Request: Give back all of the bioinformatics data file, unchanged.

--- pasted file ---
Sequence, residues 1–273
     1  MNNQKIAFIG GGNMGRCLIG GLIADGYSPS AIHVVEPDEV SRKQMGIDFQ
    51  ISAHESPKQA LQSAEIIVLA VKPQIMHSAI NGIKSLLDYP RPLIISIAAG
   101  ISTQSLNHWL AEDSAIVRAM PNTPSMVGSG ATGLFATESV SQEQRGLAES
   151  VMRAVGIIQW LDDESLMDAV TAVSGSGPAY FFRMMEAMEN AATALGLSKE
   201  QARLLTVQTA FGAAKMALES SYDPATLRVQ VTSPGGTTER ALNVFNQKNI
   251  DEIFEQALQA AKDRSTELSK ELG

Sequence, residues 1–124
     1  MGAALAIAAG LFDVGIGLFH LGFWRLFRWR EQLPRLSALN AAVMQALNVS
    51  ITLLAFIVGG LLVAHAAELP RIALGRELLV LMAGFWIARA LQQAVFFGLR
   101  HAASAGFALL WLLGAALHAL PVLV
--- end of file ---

Sequence, residues 1–273
     1  MNNQKIAFIG GGNMGRCLIG GLIADGYSPS AIHVVEPDEV SRKQMGIDFQ
    51  ISAHESPKQA LQSAEIIVLA VKPQIMHSAI NGIKSLLDYP RPLIISIAAG
   101  ISTQSLNHWL AEDSAIVRAM PNTPSMVGSG ATGLFATESV SQEQRGLAES
   151  VMRAVGIIQW LDDESLMDAV TAVSGSGPAY FFRMMEAMEN AATALGLSKE
   201  QARLLTVQTA FGAAKMALES SYDPATLRVQ VTSPGGTTER ALNVFNQKNI
   251  DEIFEQALQA AKDRSTELSK ELG

Sequence, residues 1–124
     1  MGAALAIAAG LFDVGIGLFH LGFWRLFRWR EQLPRLSALN AAVMQALNVS
    51  ITLLAFIVGG LLVAHAAELP RIALGRELLV LMAGFWIARA LQQAVFFGLR
   101  HAASAGFALL WLLGAALHAL PVLV